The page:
You asked if I call my cable/phone company just to tell them "what a wonderful service they are"? Well, um yeah I have done that and I've tried to do it with other services as well. In fact, just last week I asked to speak with a manager at a restaurant just to tell them that our server had done an excellent job and had such a pleasant attitude. Our world has become so cynical that we seem to always be looking for where or how someone has failed to live up to our expectations. For goodness sakes, the word has even become a part of our slang vocabulary now (FAIL)!

    When I see a soldier, fireman, law officer, etc. I purposefully make an effort to thank them for their willingness to serve day in and day out in a job that most people don't appreciate. They don't do it for the money, they generally do it because the have a innate desire to serve others.

    You know what this "positive attitude" has done for me? Well, first it's changed how I interact with almost everyone around me. I'm more of an encourager than I've ever been. Why put others down when you can contribute to building them up? Some of those calls I've made to express appreciation for services or a job well done, have turned into free credits or bonus services. That wasn't my intention in making the call, but customer service reps were so surprised to hear something positive from someone that they wanted to be gracious themselves.

    Look, bottom line is this, the human race is inconsistent and self serving by nature. We could all use more optimism, encouragement, and positivity in our lives. I'm tired of seeing people bash those in helping professions who are consistently trying to serve others. Let's weed out the bad apples and work toward consistent improvement, but can we do so without being stereotypical, accusatory, cynical, and negative.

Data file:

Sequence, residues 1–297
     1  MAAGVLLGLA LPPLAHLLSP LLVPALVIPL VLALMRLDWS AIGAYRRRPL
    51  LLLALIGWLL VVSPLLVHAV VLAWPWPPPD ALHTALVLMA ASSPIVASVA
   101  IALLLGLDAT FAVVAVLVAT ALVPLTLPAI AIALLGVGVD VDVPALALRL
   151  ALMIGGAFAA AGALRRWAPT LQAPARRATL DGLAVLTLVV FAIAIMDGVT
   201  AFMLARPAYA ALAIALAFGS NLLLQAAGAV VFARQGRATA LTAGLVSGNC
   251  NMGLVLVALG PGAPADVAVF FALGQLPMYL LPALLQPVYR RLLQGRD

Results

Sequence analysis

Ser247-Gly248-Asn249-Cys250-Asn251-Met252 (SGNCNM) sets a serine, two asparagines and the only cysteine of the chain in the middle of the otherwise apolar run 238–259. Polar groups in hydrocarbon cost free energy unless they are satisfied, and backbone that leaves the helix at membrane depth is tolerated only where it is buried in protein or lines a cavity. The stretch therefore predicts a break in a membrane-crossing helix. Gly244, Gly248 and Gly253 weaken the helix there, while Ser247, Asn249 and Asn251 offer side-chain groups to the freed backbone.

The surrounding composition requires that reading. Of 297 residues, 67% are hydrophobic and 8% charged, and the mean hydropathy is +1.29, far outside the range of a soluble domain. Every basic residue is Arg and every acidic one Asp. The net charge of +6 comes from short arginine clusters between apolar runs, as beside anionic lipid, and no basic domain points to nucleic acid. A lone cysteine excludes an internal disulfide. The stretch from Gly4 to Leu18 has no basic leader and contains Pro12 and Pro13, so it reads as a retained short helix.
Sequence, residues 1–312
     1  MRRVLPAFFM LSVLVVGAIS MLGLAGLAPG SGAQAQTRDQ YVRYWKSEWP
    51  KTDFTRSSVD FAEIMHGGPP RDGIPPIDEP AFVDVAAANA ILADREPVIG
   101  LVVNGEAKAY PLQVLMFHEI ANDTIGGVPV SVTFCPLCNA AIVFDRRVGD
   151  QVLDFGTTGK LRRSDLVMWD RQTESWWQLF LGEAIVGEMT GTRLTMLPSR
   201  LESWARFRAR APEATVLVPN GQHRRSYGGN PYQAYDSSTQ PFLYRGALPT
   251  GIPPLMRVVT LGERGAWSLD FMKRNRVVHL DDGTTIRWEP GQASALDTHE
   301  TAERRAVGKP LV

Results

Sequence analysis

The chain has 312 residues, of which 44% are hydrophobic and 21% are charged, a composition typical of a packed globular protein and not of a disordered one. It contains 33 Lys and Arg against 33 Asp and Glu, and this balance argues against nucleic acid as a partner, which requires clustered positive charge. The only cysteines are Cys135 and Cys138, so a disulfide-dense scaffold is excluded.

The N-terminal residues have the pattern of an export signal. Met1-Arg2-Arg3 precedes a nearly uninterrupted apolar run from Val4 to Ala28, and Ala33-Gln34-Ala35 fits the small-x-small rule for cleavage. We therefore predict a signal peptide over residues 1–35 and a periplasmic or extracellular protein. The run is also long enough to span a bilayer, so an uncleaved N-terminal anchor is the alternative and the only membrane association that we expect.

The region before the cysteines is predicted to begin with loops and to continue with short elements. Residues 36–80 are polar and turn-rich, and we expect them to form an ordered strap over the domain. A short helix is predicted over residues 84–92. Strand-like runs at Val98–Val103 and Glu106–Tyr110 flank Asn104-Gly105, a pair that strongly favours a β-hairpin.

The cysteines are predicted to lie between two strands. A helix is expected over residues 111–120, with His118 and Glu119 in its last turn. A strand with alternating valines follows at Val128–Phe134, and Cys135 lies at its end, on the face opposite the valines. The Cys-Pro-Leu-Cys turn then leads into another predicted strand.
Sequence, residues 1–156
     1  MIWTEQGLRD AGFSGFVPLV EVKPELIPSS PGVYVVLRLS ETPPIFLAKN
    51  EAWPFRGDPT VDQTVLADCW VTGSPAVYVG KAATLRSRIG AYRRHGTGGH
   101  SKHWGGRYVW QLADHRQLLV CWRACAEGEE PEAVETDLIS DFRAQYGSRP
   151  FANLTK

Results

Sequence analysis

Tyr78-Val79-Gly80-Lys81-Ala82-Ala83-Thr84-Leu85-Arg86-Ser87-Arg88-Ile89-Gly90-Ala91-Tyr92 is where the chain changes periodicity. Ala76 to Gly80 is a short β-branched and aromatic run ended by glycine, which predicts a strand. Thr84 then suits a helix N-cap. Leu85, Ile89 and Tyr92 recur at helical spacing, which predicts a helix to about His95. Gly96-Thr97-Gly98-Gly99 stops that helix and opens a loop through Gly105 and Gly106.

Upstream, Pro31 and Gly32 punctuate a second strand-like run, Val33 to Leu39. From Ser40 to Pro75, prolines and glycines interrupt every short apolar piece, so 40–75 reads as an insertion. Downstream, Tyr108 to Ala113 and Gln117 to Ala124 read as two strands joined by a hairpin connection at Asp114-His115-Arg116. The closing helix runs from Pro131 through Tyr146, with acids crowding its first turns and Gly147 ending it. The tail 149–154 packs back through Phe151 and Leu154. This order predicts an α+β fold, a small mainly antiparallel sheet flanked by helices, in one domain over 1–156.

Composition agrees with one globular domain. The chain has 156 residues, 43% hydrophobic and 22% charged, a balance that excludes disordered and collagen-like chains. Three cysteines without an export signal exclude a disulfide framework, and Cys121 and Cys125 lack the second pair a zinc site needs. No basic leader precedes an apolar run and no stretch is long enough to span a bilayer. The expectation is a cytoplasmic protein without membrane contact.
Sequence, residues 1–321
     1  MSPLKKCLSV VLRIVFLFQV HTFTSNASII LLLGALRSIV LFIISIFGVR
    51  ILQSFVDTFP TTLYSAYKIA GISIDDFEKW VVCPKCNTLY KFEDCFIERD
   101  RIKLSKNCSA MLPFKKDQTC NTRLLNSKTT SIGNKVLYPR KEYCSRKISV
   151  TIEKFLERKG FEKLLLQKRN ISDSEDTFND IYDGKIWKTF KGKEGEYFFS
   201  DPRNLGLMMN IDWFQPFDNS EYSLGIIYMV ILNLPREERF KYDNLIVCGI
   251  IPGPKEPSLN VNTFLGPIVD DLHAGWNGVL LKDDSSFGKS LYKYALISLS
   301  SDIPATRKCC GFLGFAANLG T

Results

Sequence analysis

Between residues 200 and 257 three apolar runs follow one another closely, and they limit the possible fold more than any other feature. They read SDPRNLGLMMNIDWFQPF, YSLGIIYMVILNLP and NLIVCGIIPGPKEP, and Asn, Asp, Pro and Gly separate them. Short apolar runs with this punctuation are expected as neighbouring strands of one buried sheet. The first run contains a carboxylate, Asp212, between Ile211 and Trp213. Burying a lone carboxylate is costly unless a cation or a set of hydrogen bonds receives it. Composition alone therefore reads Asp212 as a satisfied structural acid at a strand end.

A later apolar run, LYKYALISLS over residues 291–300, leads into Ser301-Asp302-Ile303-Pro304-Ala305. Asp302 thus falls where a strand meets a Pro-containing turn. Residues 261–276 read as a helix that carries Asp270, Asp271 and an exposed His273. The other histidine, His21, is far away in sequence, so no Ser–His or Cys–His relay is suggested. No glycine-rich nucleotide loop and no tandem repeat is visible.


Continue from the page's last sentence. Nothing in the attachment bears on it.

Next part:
15. LIVEFRMNYC thread starter macrumors 603

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    I don't know much about the cop culture, but one thing I do know is that they only look out for themselves. A cop ratting on another cop is equivalent to a gangsta ratting on the mafia. I'm in my late 30's. I've witnessed a ton of police brutality before cell phones were a norm. I've been in court rooms with friends and family for support and sometimes as a witness, only to watch the so-called good police give a completely differ story than what actually happened towards another officer's favor. If you think this is not a regular occurrence, you're highly mistaken.

    Internal Affairs and the blue wall of silence has to go. That's the culture that needs to go.



    Would you overlook deteriorating structure of a bridge and just be thankful it gets you across to the other side, or would you make it a priority to complain about it?

    You say my comment is reflective of our culture's current condition. But I think being defensive is even a bigger reflection of our culture. If complaints go unanswered, and the same thing keeps going on, what do really expect from the public? Surely not compliments.
     
  16. VulchR macrumors 68020

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    When I go back home to the US I trust the police, for I believe that most of the police are genuinely good people, if a little authoritarian for my tastes. But then again I do not belong to a minority and where I visit the police can be very biased... In any case, I certainly trust the police as people more than the politicians who make policy for them. I'd make a lousy police officer, and no salary would be high enough for me to take a job in which I have to put up with as much crap as the police.